The power transmission line that was struck included 2 wiresFootnote 3 that were about 8 feet apart. Neither wire was fractured during the collision with the helicopter.
The span across the Highwood River is 1110 feet from the power pole on the north side to the power pole on the south side, which was located next to a residence. The power poles are approximately 35 feet tall. The height of the wires above the surface varied due to changes in terrain along the span. The height of the wire at the point where the helicopter struck it was approximately 80 feet (Figure 4). There were no markers on the wires and none were required by regulation.
Canadian Aviation Regulations (CARs) section 601.23 states that
any building, structure or object, including any addition to it, constitutes an obstacle to air navigation if [...] in the case of any catenary wires crossing over a river, any portion of the wires or supporting structures is higher than 90 m [about 300 feet] AGL [above ground level].Footnote 4Footnote 5
In addition, subsection 601.25(1) of the CARs states,
If the Minister determines that a building, structure or object, other than a building, structure or object described in section 601.23, is hazardous to air navigation because of its height or location, the Minister shall require the person who has responsibility for or control over the building, structure or object to mark and light it in accordance with the requirements of Standard 621.Footnote 6Footnote 7
Before conducting low‑level navigation, a pilot should consult a current Visual Flight Rules (VFR) Navigational Chart (VNC) and VFR Terminal Area Chart (VTA) to identify the location of obstacles along the planned route of flight. If operations near obstacles such as power transmission lines are required, a reconnaissance flight conducted at a higher altitude is the first step in positively identifying their location.Footnote 8
The power transmission line was not marked on the Calgary VNC or the Calgary VTA. Only prominent power transmission lines and cable spans are depicted on these charts.
Low-height wire crossings are very common in Canada, and Transport Canada has stated that it would not be reasonable to require lighting or marking for all of them.
The CARs state that “No person shall operate an aircraft in such a reckless or negligent manner as to endanger or be likely to endanger the life or property of any person.”Footnote 9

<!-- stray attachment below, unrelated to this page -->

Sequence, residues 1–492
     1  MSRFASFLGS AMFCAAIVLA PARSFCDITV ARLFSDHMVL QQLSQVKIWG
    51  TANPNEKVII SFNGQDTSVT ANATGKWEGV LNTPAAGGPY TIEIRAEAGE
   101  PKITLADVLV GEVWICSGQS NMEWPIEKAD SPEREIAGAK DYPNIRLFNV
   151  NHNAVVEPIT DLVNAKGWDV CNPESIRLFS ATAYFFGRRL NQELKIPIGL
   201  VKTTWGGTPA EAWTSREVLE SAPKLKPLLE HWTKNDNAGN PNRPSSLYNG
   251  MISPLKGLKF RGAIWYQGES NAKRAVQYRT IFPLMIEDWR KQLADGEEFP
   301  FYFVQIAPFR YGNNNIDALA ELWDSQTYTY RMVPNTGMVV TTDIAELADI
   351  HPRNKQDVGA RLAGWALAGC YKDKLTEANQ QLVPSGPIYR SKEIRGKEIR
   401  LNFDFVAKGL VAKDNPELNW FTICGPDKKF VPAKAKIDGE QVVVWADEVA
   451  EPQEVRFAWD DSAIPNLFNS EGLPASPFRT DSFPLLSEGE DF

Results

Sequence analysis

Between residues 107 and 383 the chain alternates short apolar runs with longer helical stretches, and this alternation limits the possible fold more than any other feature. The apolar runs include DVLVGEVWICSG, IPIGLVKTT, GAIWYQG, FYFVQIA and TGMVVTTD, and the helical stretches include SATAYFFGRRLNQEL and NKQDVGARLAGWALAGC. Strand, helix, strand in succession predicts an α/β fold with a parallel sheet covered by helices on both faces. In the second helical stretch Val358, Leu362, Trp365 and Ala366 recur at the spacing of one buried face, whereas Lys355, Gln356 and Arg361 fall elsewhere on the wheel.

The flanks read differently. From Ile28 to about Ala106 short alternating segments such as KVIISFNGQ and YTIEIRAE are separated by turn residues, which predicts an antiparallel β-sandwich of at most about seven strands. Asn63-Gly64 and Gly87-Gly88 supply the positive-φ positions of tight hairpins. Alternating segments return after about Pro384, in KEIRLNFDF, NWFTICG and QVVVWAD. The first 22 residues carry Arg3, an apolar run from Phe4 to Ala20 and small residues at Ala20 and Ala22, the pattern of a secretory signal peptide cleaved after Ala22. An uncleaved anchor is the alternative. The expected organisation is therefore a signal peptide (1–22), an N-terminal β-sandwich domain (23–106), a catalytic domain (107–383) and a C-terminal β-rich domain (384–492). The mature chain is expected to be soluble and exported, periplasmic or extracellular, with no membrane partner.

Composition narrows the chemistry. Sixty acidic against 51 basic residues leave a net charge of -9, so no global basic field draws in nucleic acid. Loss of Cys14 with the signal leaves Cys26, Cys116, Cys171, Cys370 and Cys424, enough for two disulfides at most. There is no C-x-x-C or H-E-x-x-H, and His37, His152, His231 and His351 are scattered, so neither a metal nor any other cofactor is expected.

Regarding minimum altitudes and distances to be flown over non‑built‑up area, the CARs state,
Except where conducting a take-off, approach or landing or where permitted under section 602.15, no person shall operate an aircraft [...] at a distance [vertical or lateral] less than 500 feet from any person, vessel, vehicle or structure.Footnote 10
Low-level operations are required for certain aerial work activity, such as external load operations, wildlife surveys, and pipeline or power-line inspection.
The Transport Canada Aeronautical Information Manual (TC AIM) contains the following warning in bold font regarding low flying:
Warning—Intentional low flying is hazardous. Transport Canada advises all pilots that low flying for weather avoidance or operational requirements is a high-risk activity.Footnote 11
Key safety messages
As shown in this occurrence, low-level operations are a high-risk activity. The investigation into a similar accident in Flatlands, New Brunswick, in 2016Footnote 12 contained the following finding as to risk with respect to low flying:
Low-altitude flying is risky, particularly without conducting appropriate pre-flight planning and reconnaissance, and may result in a collision with wires or other obstacles, increasing the risk of injury or death.
This concludes the TSB's limited-scope investigation into this occurrence. The Board authorized the release of this investigation report on . It was officially released on .